Join us in the galleries for a thirty minute conversation with Stephan Hassam, PhD candidate at the University of South Florida, about ancient glass. Thirty on Thursday gallery talks are free with regular admission. Questions? Email the Education Department.
Glassware is an integral part of everyday life in modern times. Glass, however, is no modern invention and has a long history of production and use in the ancient Mediterranean. Glass objects were an important part of everyday life in ancient Greece and Rome, as well as many cultures before and after. Glass has long been appreciated for the technical skill of Roman glassblowers and glasscutters, but the context in which ancient glassware is found tells us even more about the people and the societies that used them. Using objects from the Tampa Museum of Art’s current installation of ancient Roman glass, this lecture will provide a window into the use of glass in antiquity. From storage to trade, from technology to ritual, glassware can answer many archaeological questions. This presentation will touch upon some recent research on ancient glassware and the techniques archaeologists use to answer questions about the ubiquitous but fragile material.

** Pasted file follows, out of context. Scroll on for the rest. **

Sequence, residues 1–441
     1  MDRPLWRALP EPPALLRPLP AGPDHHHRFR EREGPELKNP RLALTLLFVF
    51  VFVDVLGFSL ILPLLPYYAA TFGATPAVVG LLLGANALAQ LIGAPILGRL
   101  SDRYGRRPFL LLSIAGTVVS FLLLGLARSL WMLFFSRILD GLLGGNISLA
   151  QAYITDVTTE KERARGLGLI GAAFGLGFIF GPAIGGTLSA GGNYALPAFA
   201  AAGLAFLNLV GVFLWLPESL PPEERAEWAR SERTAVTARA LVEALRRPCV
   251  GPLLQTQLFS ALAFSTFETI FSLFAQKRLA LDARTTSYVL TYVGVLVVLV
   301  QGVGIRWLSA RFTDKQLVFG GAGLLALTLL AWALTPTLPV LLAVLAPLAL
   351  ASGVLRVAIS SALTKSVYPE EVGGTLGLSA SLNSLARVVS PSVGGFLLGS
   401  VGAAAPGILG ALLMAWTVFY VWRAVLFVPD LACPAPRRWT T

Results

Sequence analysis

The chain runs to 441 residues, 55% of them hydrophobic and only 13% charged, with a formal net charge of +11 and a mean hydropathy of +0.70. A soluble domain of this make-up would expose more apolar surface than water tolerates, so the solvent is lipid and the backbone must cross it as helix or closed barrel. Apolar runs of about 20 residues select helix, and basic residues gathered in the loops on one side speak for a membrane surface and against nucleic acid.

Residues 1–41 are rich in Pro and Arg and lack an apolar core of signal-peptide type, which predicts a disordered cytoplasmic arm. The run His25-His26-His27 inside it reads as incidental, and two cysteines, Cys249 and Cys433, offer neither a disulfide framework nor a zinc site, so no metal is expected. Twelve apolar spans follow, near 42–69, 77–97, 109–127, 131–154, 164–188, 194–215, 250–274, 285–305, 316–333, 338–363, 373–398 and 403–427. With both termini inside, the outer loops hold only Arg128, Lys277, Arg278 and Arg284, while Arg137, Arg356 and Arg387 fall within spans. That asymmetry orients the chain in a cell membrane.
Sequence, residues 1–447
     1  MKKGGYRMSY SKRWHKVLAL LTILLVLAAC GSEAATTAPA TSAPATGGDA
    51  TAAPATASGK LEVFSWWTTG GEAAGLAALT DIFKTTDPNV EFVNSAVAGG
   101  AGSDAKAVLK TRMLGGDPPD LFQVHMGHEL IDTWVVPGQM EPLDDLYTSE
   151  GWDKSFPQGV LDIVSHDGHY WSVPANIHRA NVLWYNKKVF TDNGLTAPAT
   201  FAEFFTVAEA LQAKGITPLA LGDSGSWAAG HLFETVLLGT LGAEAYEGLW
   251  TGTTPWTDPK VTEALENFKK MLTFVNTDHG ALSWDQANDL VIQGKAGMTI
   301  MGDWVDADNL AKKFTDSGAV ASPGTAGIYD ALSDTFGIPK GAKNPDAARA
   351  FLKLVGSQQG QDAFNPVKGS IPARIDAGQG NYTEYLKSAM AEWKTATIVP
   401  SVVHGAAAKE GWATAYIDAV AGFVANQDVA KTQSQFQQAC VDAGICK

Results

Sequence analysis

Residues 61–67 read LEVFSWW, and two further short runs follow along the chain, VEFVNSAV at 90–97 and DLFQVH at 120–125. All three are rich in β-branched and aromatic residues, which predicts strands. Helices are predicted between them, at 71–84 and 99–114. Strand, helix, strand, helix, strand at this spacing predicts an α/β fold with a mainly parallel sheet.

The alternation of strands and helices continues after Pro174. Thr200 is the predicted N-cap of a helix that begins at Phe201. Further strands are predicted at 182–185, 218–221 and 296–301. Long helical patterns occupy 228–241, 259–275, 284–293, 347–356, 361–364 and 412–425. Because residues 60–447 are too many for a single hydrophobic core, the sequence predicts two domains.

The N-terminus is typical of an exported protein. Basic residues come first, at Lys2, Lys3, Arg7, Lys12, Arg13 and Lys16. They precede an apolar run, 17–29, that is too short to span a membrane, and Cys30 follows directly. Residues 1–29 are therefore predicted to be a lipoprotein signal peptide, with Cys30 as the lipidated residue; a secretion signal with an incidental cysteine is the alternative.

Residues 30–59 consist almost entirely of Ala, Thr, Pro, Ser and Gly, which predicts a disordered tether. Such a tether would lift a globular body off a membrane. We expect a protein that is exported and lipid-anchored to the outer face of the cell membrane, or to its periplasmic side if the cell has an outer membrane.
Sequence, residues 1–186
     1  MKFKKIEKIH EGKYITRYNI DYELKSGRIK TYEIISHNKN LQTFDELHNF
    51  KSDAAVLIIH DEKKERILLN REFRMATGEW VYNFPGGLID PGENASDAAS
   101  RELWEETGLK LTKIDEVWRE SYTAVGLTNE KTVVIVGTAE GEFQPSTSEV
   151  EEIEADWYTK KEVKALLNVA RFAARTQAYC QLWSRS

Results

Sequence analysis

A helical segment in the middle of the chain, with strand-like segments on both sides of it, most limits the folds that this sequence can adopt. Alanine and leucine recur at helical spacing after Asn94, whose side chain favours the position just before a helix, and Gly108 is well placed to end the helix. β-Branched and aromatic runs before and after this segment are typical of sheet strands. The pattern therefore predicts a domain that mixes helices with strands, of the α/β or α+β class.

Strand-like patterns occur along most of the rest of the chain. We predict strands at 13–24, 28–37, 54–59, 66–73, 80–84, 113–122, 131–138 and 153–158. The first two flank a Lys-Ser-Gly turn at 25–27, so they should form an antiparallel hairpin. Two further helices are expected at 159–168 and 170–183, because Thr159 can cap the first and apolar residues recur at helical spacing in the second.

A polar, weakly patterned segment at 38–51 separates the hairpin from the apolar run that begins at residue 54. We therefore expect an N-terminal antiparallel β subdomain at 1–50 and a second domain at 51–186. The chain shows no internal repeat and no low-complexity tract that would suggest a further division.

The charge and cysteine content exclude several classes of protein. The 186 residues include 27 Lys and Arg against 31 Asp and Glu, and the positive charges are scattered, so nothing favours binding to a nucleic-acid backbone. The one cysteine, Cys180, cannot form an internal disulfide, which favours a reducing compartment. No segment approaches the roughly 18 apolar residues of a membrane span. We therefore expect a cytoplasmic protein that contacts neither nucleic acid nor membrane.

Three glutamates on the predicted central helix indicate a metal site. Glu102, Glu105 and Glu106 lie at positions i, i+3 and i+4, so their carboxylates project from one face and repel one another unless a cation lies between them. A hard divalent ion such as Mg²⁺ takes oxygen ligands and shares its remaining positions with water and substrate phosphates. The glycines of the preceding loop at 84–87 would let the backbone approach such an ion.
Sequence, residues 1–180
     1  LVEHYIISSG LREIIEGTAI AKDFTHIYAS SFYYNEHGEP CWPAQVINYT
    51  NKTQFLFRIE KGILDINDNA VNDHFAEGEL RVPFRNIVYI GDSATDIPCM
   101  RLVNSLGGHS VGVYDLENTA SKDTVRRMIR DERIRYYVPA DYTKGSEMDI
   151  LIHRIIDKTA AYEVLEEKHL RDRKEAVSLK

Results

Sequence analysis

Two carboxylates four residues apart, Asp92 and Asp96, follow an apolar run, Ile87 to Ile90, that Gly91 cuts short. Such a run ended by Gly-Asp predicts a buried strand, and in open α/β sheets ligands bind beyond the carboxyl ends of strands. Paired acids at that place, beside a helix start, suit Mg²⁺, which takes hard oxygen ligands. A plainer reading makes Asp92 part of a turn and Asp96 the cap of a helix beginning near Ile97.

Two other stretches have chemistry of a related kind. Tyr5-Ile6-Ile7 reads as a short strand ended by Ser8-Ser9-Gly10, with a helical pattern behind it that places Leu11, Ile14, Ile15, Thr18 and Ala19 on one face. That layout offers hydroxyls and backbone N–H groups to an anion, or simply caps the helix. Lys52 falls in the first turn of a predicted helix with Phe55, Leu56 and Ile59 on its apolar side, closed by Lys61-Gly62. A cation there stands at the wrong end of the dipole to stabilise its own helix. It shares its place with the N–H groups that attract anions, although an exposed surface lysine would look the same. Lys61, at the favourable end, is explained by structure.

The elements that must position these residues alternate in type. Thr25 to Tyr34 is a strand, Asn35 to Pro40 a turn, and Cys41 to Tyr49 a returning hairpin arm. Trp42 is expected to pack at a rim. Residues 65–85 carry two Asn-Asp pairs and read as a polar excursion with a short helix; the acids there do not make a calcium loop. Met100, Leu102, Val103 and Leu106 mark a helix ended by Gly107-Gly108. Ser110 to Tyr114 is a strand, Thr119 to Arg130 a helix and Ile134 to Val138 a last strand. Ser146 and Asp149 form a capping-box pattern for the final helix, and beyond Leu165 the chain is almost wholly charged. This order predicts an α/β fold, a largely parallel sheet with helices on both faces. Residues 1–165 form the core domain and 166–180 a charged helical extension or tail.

Image: One Handled Bottle, Eastern Mediterranean, 3rd century AD. Glass (mold-blown body, separately made handle); H. 4 ¼ inches (10.8 cm). Tampa Museum of Art, Joseph Veach Noble Collection, 1986.157